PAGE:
Longitudinal Study of the Drug Resistance in Klebsiella pneumoniae of a Tertiary Hospital, China: Phenotypic Epidemiology Analysis (2013–2018)
Authors Pei N, Liu Q, Cheng X, Liang T, Jian Z, Wang S, Zhong Y, He J, Zhou M, Kristiansen K, Chen W, Liu W, Li J
Received 2 December 2020
Accepted for publication 14 January 2021
Published 17 February 2021 Volume 2021:14 Pages 613—626
Checked for plagiarism Yes
Review by Single anonymous peer review
Peer reviewer comments 2
Editor who approved publication: Professor Suresh Antony
Na Pei,1– 3,* Qingxia Liu,4,* Xinyi Cheng,1,5,6,* Tianzhu Liang,1,3 Zijuan Jian,4 Siyi Wang,4 Yiming Zhong,4 Jingxuan He,4 Mao Zhou,4 Karsten Kristiansen,1,2 Weijun Chen,1,6,7 Wenen Liu,4 Junhua Li1,3
1BGI-Shenzhen, Shenzhen, 518083, People’s Republic of China; 2Laboratory of Genomics and Molecular Biomedicine, Department of Biology, University of Copenhagen, Copenhagen, Denmark; 3Shenzhen Key Laboratory of Unknown Pathogen Identification, Shenzhen, 518083, People’s Republic of China; 4Department of Clinical Laboratory, Xiangya Hospital, Central South University, Changsha, Hunan, 410008, People’s Republic of China; 5School of Biology and Biological Engineering, South China University of Technology, Guangzhou, People’s Republic of China; 6BGI Education Center, University of Chinese Academy of Sciences, Shenzhen, 518083, People’s Republic of China; 7BGI PathoGenesis Pharmaceutical Technology, Shenzhen, People’s Republic of China
*These authors contributed equally to this work
Correspondence: Junhua Li
BGI-Shenzhen, Shenzhen, 518083, People’s Republic of China
Tel +86 13929566296
Email [email protected]
Department of Clinical Laboratory, Xiangya Hospital, Central South University, Changsha, Hunan, 410008, People’s Republic of China
Tel +86 13973128689
Email [email protected]
Purpose: Multi-drug resistant Klebsiella pneumoniae (MDR KP) is spreading worldwide and has posed a huge medical burden to public health. However, studies on drug resistance surveillance of KP, especially MDR KP, with a large longitudinal sample size in a tertiary hospital are rare. This study aims to investigate phenotypic epidemiology characteristics of 4128 KP isolates in a Chinese tertiary hospital covering a period of 5 years.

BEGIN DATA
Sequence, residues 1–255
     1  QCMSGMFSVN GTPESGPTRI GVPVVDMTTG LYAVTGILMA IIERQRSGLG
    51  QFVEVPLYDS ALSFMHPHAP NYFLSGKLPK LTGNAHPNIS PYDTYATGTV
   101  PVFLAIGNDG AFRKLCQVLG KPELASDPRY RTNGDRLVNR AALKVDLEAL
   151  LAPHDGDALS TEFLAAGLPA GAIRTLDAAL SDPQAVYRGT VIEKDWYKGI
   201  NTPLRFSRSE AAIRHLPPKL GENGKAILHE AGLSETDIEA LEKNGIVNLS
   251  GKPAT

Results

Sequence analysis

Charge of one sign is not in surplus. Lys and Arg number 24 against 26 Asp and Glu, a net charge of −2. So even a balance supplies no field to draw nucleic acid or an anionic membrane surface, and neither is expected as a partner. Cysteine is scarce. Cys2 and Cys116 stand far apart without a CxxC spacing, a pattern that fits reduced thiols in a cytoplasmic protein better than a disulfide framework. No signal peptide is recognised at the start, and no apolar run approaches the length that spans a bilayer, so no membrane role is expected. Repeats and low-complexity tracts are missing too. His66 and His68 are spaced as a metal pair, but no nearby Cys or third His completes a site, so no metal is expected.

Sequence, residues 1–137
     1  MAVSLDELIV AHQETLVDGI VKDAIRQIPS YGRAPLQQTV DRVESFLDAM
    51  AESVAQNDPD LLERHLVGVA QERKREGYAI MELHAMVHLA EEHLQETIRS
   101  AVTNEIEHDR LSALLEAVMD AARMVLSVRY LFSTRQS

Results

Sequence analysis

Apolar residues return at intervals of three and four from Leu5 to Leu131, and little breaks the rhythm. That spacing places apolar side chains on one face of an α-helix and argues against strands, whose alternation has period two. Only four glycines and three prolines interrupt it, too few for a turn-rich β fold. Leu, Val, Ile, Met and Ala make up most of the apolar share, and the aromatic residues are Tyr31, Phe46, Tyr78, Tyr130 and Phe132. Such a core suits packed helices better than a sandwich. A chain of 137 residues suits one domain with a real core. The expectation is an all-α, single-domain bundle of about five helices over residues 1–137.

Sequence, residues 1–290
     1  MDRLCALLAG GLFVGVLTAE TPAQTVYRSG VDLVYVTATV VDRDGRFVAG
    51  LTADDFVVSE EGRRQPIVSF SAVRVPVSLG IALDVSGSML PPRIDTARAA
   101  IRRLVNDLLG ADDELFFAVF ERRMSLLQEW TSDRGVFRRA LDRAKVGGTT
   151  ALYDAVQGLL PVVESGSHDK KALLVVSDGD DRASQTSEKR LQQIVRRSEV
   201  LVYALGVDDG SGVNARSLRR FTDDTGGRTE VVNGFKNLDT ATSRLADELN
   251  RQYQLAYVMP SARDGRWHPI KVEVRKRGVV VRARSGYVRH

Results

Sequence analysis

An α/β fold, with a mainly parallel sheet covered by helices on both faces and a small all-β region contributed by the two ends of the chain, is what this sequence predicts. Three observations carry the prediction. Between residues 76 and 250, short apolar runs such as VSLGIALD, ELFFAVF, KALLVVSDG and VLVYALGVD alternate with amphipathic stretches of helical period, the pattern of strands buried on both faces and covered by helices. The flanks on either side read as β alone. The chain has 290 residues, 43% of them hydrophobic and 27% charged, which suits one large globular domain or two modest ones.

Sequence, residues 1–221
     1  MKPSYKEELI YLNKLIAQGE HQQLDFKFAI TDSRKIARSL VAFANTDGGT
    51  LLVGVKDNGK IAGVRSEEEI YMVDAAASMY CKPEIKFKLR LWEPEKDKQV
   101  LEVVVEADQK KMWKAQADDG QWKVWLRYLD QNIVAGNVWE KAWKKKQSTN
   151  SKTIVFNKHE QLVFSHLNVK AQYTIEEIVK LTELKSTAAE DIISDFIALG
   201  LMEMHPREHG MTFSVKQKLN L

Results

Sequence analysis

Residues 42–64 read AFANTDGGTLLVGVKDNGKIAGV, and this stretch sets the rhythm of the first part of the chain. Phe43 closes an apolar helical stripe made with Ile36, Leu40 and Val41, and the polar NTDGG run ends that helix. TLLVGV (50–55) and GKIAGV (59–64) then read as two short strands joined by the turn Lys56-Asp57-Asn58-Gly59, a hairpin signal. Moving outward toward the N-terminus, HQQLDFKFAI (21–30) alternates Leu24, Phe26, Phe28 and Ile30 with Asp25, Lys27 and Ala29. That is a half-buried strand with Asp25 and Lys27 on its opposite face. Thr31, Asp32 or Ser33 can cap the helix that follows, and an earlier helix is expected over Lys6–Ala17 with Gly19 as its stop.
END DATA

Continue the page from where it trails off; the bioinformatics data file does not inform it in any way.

Methods: All the KP clinical isolates were retrospectively collected from a tertiary hospital in Hunan province of China from Jan 5, 2013 to Jul 24, 2018. All the isolates were identified by MALDI-TOF MS analysis. Twenty-four antimicrobial agents were tested by antimicrobial susceptibility testing. Fisher exact test and logistic regression were used to analyze the association between clinical factors and antimicrobial non-susceptibility for seven second-choice antimicrobials.
Results: A total of 4128 KP isolates were collected in our study. The non-susceptible rates (NSRs) to ertapenem, imipenem and tigecycline increased considerably from 2013 to 2018 (13.6% to 28.6%, 10.1% to 28.9%, 10.8% to 46.5%, respectively). Amikacin presents the lowest NSR among 3 aminoglycosides (3.8– 22.8%). The multi-drug NSRs among KP isolates to second-choice antimicrobials (88.6– 100%) were higher than to all drugs (68.0%). The NSRs varied significantly among departments and sample sources. Higher ETP/IPM/AK NSRs (39.8/39.7/30.6%) were observed in Intensive Care Unit, and ETP/IPM non-susceptible isolates tended to distribute in cerebrospinal fluid. From 2015 to 2017, the NSRs of ETP, IPM, and AK showed an opposite trend of seasonal fluctuations to SXT.